Sunday, May 22, 2016

DBW: Let's Get Physical





Let's just start off with this photo:




Diabetes isn't just about what you eat.   You can avoid sugar, you can cut out carbohydrates and still deal with high blood sugar. Likewise, you can eat extra food, take less of a bolus, set a temp basal, and still end up low.   I find exercise and diabetes one of the most annoying combinations in the history of combos.   The issue is that no day is the same, I could eat the exact same thing [which I do] every morning and do the same amount of fitness [which I do] and have completely different numbers.  I think that when it comes down to it, it's about being prepared for whatever diabetes throws at you. If you're going to the gym, keep your tester near by and your low supplies close.  As much as we try to pre-plan it can be extremely difficult.

Personally, I do not go to the gym. I used to go all the time, but then I realized it wasn't practical for me and I wanted to find something that didn't stress me out, yet also kept me active. I work with children so I am constantly running around whether that is playing at the park, walking around the neighbourhood or jumping on a trampoline.  To me, this is fun, and also keeps me active, which is good enough for me.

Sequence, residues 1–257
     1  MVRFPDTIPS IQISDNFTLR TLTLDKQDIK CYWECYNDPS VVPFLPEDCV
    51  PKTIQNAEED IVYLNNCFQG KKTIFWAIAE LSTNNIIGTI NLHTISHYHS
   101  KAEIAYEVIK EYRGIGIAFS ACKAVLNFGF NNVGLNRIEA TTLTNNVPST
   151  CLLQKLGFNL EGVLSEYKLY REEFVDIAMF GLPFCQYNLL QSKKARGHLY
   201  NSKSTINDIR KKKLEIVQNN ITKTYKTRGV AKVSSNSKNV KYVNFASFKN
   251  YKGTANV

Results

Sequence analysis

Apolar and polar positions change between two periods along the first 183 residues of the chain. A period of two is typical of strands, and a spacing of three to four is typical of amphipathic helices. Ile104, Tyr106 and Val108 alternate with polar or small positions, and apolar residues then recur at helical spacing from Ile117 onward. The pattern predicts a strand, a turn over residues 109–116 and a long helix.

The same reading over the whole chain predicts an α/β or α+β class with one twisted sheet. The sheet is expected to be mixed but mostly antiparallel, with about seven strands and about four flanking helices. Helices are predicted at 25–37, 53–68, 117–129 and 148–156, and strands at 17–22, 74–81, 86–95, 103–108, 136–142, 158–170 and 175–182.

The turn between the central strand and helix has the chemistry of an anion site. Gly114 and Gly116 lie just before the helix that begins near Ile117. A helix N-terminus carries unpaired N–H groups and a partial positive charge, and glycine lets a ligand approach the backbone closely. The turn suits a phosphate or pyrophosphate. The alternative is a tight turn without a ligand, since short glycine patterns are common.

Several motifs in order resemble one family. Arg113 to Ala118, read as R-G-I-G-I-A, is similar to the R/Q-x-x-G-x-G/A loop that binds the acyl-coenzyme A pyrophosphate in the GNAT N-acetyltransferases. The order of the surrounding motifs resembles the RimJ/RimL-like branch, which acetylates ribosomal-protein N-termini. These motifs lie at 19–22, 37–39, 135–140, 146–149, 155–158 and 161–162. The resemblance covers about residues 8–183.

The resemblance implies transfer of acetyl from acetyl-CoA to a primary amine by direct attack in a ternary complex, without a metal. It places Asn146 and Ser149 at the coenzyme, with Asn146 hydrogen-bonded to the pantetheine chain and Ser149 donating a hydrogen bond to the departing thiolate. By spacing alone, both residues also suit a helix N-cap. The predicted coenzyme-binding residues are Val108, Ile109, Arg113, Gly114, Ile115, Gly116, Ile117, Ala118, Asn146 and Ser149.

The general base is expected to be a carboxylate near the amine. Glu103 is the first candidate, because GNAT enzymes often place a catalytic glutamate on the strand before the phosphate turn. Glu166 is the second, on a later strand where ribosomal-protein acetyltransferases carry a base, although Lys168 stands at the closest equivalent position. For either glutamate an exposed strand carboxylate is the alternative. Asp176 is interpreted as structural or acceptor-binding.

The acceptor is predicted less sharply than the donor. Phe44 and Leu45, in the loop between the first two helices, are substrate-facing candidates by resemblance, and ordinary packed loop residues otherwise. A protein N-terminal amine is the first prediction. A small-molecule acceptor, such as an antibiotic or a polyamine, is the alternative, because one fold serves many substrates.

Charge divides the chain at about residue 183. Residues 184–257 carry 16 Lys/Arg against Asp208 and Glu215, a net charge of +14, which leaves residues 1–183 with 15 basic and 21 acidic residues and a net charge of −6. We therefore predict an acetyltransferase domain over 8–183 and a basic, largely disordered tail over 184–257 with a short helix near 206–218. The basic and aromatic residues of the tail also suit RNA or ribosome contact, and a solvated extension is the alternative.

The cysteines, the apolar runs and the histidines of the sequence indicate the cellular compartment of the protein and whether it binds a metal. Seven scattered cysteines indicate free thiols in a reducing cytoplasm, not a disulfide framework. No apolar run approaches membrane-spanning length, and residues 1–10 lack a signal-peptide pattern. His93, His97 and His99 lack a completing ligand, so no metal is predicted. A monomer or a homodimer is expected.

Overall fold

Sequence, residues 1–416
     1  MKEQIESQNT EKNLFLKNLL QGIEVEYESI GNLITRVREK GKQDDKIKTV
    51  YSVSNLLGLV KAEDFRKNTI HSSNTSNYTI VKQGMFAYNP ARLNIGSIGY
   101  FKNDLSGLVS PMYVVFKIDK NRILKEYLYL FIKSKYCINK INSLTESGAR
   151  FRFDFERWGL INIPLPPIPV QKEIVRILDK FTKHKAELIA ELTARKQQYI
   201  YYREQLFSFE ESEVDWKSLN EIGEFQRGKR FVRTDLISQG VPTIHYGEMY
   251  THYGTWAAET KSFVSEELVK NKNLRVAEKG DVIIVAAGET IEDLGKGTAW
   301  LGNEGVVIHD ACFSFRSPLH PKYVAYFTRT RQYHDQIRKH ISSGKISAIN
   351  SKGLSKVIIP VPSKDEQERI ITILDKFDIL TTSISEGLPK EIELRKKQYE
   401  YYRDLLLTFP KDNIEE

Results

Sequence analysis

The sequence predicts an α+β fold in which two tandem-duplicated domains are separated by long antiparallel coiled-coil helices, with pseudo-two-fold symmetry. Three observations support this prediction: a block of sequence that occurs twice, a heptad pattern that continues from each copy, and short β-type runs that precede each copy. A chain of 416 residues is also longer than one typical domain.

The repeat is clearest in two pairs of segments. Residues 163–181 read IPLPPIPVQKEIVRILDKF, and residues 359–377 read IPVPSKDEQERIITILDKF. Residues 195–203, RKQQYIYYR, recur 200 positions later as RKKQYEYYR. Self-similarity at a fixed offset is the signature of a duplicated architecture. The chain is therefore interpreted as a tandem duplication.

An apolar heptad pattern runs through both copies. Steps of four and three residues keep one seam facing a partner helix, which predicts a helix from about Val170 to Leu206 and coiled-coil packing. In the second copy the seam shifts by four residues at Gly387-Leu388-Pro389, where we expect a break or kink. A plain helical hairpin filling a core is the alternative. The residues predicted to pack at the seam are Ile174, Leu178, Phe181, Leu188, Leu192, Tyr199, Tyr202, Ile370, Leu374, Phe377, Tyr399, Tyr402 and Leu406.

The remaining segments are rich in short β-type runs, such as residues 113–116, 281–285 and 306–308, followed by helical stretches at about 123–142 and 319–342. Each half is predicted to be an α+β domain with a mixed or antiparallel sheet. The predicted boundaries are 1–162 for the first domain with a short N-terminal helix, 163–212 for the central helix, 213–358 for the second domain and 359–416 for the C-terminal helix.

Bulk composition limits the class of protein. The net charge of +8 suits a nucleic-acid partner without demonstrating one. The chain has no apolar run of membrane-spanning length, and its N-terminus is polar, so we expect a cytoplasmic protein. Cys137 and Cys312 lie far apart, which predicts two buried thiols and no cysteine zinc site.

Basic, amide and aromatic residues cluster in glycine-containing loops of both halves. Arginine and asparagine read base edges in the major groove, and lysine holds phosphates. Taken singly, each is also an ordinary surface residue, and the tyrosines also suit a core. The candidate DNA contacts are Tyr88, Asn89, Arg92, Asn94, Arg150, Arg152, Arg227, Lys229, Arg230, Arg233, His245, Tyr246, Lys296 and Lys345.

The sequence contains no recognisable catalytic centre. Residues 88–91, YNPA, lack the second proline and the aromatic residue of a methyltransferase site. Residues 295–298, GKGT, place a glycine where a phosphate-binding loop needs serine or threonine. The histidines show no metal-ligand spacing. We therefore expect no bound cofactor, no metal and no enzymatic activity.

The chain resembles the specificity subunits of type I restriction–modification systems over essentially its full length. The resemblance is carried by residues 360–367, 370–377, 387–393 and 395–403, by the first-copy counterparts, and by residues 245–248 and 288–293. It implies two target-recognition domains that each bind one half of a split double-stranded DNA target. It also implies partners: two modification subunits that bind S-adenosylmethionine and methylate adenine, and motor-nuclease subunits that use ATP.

The difficult part is that when I am active is when I am working, and since I mentioned I work with children it's so important that I make sure I am not going low and if I do go low [which happens] I make sure that I have the proper things I need to bring me back up.   If I am going for a long walk, I bring my supplies, a snack, low treatment and my debit card just in case I need to further purchase more food.

Since my exercise is based around/during my work schedule, there really is no need for added motivation. I have made it apart of my routine and it has worked out well for me.  Almost every day at work I reach over 15,000 steps before noon. It's the weekends that I slack, I do run a lot errands but not enough to classify as exercise I don't think.

All and all I have learned how important it is to find something that works for your schedule and also something that doesn't stress you out. When I had a gym membership I would stress that I didn't go often enough or that I was spending too much money on the membership.   I found that once I withdrew from that and began walking with the children and with my friends and partner, I felt much better overall and was still getting a workout in.

Kayla

Saturday, May 21, 2016

DBW: My Day In Food


I actually always track my food, well at least I have been since December.  It's not some strange obsessive thing, but it is more to keep myself accountable for what I eat and how much I am eating.  I have always struggled with weight, nothing extreme, but just chasing that 'ideal' self for as long as I understood what my 'ideal' self was.

Here is a page out of the wonderful food journal, which is an old notebook from IDF Melbourne I got.